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About the CRMC

What is the CRMC?

The Coastal Resources Management Council is a management agency with regulatory functions. Its primary responsibility is for the preservation, protection, development and where possible the restoration of the coastal areas of the state via the issuance of permits for work with the coastal zone of the state.

The Coastal Resources Management Council is a management agency with regulatory functions. Its primary responsibility is for the preservation, protection, development and where possible the restoration of the coastal areas of the state via the implementation of its integrated and comprehensive coastal management plans and the issuance of permits for work with the coastal zone of the state.

The CRMC is administered by a council who are appointed representatives of the public and state and local government, and a staff of professional engineers, biologists, environmental scientists, and marine resources specialists. It is a state agency created by the General Assembly that balances economic considerations with environmental protection. The decision-making process of the CRMC is conducted in the public eye through regular public hearings. In this manner, the public is given regular opportunities to formally input their comments on how the coastal resources of the state should be managed in Rhode Island.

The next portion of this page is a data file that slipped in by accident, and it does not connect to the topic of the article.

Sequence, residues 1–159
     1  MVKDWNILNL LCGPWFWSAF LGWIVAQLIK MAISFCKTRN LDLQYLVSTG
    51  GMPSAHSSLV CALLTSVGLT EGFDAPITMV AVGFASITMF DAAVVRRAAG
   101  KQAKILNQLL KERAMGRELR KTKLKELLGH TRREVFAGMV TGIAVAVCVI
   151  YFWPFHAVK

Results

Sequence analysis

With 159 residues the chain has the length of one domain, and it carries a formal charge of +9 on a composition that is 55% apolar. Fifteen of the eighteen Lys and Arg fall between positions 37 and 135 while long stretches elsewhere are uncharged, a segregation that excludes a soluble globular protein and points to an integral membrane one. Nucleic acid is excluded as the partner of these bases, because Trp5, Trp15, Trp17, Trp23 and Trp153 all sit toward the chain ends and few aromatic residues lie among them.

In 1971, the Rhode Island General Assembly passed legislation that created the Coastal Resources Management Council (CRMC). The legislative findings recognized the paramount importance that the coastal resources provide to the social and economic welfare of the state, and charged the CRMC with the explicit policy